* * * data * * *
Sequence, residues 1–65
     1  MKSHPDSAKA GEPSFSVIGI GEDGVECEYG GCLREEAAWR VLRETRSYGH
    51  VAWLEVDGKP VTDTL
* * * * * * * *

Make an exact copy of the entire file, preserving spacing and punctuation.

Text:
Sequence, residues 1–65
     1  MKSHPDSAKA GEPSFSVIGI GEDGVECEYG GCLREEAAWR VLRETRSYGH
    51  VAWLEVDGKP VTDTL